Saturday 14 December 2019

Kilkenny: Demand for large homes boosts Kilkenny market

Donaguile House, Castlecomer, sold last May for €575,000
Donaguile House, Castlecomer, sold last May for €575,000

Starter homes and large detached properties are experiencing the fastest growth in the Kilkenny market, albeit for very different reasons.

The price of an average three-bed terraced house jumped 22pc to €165,000 and will likely rise a further 9pc to €180,000 because of a dearth of new developments in the county. Prices for three-bed semi-detached homes rose 12pc to €185,000 and are expected to rise 14pc to an average €210,000 by the end of this year.

Local agent Peter McCreery says "several parcels" of development land are due to be sold by the spring, which should lead to construction on new schemes by the fourth quarter of 2018. A rival agent has begun marketing a new scheme of four and five-bed detached homes called Rath Úllord on the outskirts of Kilkenny City.

"There is frustration among buyers in Kilkenny, not just about the lack of stock, but because prices can get out of kilter with cash buyers up against mortgage applicants who are facing unfair restrictions, especially loan-to-income restrictions. There are a lot of people who could afford a mortgage whose repayments would be less than the rent they are paying," said McCreery.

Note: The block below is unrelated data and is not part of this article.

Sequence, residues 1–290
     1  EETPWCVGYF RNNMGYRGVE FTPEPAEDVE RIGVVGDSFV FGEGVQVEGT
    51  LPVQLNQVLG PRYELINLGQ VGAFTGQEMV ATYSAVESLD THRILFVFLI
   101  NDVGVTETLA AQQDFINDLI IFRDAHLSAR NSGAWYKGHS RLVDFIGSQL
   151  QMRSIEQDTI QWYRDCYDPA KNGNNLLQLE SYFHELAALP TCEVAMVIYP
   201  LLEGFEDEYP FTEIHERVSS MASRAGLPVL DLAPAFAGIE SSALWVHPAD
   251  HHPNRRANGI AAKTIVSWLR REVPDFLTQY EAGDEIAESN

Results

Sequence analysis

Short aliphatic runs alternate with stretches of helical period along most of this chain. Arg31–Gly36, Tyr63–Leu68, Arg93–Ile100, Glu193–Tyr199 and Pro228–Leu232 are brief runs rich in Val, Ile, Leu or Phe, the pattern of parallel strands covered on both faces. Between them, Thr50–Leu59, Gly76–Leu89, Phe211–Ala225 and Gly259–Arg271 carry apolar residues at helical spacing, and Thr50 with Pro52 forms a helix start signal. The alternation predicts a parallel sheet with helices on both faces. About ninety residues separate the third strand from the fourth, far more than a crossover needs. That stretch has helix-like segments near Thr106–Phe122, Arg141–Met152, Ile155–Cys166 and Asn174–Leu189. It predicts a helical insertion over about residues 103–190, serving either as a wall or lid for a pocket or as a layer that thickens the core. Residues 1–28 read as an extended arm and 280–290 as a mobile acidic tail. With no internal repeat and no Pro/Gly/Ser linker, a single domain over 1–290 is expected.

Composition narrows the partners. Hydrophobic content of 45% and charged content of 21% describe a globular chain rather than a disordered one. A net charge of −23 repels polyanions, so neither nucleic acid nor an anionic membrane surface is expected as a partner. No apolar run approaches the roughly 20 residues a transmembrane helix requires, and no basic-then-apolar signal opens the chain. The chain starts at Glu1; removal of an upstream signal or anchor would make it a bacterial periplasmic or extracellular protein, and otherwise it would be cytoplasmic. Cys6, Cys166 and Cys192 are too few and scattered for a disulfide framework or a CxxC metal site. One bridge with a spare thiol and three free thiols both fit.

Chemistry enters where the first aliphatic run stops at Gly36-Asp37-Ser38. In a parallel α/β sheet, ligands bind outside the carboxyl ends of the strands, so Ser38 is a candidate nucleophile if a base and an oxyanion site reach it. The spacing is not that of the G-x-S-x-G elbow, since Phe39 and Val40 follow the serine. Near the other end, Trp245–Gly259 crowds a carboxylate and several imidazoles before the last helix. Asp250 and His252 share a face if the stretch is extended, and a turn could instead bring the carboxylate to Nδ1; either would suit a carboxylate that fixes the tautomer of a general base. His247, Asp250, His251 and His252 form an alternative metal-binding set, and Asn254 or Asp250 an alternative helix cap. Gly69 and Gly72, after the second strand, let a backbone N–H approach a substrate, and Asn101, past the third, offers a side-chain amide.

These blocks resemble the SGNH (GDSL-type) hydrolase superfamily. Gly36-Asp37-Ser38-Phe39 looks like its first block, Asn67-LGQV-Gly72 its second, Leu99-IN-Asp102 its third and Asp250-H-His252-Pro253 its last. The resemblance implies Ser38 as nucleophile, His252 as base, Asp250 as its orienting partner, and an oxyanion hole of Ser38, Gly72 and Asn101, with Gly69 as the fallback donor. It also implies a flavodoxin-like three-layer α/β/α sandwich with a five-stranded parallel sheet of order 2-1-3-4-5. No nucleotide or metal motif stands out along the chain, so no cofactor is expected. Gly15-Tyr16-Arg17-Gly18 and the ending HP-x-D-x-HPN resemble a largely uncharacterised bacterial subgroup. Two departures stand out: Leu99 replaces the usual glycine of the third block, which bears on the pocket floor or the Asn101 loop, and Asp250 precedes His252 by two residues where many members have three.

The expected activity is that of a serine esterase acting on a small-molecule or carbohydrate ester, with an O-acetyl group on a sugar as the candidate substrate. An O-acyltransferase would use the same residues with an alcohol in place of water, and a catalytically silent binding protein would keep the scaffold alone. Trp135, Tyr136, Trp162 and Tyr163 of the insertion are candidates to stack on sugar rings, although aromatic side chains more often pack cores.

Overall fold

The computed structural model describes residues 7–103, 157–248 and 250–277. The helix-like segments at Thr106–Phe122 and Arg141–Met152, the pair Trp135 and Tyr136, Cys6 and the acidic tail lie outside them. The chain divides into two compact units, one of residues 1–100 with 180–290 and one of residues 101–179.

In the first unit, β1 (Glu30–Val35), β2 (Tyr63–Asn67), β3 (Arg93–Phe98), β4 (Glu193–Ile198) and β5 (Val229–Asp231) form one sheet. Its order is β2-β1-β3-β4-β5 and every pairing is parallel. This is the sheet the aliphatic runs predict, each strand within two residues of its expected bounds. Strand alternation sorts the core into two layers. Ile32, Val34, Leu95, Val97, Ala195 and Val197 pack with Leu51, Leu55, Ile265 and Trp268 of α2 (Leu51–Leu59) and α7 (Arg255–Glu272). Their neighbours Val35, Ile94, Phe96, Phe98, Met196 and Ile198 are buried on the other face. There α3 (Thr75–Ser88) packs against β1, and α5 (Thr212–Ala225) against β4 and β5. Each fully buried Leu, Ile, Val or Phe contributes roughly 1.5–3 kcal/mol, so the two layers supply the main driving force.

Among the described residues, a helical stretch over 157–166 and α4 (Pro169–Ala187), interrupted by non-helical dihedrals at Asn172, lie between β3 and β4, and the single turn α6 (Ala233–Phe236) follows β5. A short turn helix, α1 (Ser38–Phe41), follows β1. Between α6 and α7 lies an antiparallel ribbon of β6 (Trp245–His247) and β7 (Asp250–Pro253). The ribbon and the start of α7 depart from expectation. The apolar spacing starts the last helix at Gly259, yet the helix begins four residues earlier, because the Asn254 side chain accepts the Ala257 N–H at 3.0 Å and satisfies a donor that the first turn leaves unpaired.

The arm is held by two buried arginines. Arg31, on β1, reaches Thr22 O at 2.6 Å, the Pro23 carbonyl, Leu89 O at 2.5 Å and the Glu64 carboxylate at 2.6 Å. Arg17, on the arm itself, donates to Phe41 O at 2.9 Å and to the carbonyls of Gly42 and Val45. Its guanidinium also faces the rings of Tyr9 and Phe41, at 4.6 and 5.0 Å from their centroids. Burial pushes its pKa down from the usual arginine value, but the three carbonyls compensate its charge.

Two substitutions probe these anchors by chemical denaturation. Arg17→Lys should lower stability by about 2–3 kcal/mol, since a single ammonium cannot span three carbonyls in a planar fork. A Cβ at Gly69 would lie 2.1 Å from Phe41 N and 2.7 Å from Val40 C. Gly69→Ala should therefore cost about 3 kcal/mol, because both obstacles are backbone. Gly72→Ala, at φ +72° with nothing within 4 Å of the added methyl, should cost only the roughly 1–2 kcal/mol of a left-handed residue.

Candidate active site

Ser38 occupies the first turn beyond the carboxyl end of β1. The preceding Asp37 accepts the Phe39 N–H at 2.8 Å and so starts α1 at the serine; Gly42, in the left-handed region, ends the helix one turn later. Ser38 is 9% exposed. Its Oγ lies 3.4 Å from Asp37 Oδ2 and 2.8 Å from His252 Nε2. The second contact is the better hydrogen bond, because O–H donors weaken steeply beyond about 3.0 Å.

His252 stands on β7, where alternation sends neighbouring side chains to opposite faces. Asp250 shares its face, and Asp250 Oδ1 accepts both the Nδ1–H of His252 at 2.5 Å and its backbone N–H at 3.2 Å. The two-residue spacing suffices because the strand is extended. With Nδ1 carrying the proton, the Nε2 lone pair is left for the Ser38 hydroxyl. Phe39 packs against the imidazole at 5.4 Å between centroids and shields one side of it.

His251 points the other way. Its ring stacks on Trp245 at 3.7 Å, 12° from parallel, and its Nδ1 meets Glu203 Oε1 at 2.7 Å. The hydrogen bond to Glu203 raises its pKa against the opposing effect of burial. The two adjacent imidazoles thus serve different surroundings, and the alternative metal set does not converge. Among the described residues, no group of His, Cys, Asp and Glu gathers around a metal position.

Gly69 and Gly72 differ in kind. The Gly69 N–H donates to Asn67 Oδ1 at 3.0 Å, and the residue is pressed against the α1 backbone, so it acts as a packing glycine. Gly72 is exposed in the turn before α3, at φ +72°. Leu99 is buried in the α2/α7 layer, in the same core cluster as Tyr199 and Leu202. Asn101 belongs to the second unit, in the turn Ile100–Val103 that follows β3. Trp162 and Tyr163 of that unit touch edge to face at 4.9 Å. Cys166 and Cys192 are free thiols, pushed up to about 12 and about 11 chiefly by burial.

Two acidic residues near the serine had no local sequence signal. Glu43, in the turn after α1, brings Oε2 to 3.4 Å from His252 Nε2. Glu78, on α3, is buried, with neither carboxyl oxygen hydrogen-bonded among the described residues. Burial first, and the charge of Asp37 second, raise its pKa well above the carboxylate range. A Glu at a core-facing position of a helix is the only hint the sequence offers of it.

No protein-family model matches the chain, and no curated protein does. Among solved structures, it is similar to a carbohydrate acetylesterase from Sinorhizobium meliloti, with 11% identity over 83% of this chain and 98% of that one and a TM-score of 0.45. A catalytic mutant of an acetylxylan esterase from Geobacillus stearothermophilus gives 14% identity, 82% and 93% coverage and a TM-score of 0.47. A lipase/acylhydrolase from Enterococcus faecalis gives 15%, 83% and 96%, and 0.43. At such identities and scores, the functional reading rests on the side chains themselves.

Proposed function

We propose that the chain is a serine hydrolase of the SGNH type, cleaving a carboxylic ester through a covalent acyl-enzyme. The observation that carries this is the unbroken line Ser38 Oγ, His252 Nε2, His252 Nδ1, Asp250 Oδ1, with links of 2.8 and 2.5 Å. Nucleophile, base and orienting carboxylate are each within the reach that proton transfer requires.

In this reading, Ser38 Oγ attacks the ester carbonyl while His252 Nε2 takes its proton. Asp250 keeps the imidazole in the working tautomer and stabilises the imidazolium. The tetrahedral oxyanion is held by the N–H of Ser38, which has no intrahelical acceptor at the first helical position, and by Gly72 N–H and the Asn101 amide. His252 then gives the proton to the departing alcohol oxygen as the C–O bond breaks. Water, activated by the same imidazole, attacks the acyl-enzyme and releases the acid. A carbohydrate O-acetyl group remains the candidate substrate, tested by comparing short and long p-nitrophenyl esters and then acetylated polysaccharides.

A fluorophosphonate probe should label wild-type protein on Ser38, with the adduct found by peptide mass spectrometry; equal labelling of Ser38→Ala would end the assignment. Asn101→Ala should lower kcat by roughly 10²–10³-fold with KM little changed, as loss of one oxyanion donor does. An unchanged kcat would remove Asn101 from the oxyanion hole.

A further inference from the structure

At the other end of the spectrum, larger homes in Co Kilkenny are witnessing price rises because of demand from home-owning professionals in Dublin who are using the equity released from selling their property in the capital to purchase "substantial homes at drastically reduced prices".

"There are a lot of professional couples in Dublin who want more relaxed lifestyles and are prepared to commute or work from home a few days a week," McCreery said.

This demand helped drive up the price of five-bed detached homes by 5pc to an average €410,000 last year and pushed up the price of detached homes with at least 2,000 sq ft of accommodation by 10pc to €450,000. The latter category was buoyed by demand for large country homes, in a market where the impact of Brexit is being offset by sales to other international buyers with Irish roots.

"A substantial number of country homes were brought to the market last year and that will be the case again in 2018," McCreery said. "The number of UK buyers appears to be down and that's more than likely to linked to Brexit, but there's been an increase in American-based buyers.

"We also saw an increase in the number of Australian based buyers with Irish heritage in the last quarter of 2017."

Irish Independent

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